Monday, 5 September 2011


Hi all,

Today again, I have been given a chance by my group coordinator to write whatever I want on Conjoint Analysis. Oooh, so whatt is Conjoint Analysis...??? If you have been following the blog, the definition, meaning, advantages, disadvantages, application, etc, everything has been explained thus far.

But do you still, understand how this magic wand functions? Well I have not completely understood how it functions, but today yet again our very own Prof. Bhate in his 20th lecture, mesmerised me with the way in which this quant tool simulates the choice of an individual.

Now when I came back from the lecture, I tried to read it from several other blogs and websites as to how actually this technique works. The First step involved in it is to describe products in attributes and levels. An attribute is a general feature of a product or service. Each attribute is valued down into specific levels. For example, we might describe an object in attributes like - durability, looks and price. A specific level for the same can be defined as anything like say 8 years, Good Looking and say Rs. 50/-

Conjoint analysis takes these attribute and level descriptions of product/services and uses them in interviews by asking people to make a number of choices between different products. So this we had done in class the day before and had collected the information/data in an excel sheet. By asking for enough choices (and with good design to minimise the number of choices), we worked out numerically how valuable each of the levels is relative to the others around it – this value is known as the utility of the level. Then came the time to know the outcome. However, we can also compare across attributes to see which attributes make have the greatest impact in making a choice. We can therefore say which the most important attribute is and measure importance by taking the relative impact of one attribute compared to the others.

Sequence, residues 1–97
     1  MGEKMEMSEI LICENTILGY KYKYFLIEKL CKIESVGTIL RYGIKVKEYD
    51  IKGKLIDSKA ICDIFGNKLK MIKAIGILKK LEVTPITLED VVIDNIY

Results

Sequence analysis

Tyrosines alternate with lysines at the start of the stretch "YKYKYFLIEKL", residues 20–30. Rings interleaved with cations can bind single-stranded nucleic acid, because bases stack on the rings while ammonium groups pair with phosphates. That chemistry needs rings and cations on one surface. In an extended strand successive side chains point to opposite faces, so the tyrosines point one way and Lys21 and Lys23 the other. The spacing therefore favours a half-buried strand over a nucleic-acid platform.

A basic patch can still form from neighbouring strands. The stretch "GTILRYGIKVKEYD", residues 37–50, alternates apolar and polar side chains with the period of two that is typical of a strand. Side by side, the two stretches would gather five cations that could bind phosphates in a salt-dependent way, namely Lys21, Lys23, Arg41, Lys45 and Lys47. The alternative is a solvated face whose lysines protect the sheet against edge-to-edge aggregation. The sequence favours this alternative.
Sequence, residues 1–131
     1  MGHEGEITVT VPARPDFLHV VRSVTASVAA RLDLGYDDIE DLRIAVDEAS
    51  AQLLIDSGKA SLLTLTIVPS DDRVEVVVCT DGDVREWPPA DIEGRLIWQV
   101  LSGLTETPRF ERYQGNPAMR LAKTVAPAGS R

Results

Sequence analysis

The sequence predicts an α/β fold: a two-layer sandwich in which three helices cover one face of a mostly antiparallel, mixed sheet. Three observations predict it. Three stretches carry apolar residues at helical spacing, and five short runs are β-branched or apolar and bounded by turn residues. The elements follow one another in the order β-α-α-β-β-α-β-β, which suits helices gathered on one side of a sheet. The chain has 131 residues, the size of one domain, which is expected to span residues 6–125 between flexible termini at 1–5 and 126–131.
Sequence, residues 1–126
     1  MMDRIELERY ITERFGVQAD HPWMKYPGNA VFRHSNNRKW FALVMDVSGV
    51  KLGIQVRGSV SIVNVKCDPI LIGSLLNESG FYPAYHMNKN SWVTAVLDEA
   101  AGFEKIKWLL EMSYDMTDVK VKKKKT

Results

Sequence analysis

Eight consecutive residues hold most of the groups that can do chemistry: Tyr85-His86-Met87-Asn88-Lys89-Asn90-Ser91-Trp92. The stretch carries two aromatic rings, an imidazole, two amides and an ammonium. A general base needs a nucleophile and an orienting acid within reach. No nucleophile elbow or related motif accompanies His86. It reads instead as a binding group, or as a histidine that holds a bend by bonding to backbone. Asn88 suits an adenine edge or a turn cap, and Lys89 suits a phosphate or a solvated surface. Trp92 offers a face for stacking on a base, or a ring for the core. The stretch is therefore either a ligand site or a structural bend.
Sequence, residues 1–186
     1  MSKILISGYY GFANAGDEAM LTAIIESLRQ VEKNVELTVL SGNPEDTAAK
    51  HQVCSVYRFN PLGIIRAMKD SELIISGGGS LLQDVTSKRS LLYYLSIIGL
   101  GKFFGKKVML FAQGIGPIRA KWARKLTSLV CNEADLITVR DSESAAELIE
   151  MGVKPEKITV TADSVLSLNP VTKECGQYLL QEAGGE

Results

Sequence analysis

In Toto we learnt from the entire exercise that conjoint analysis is a sophisticated technique and there are technical issues that needed to be considered. In particular, the design of attributes is a crucial step in a conjoint project as choices between poorly defined levels can render the exercise meaningless.



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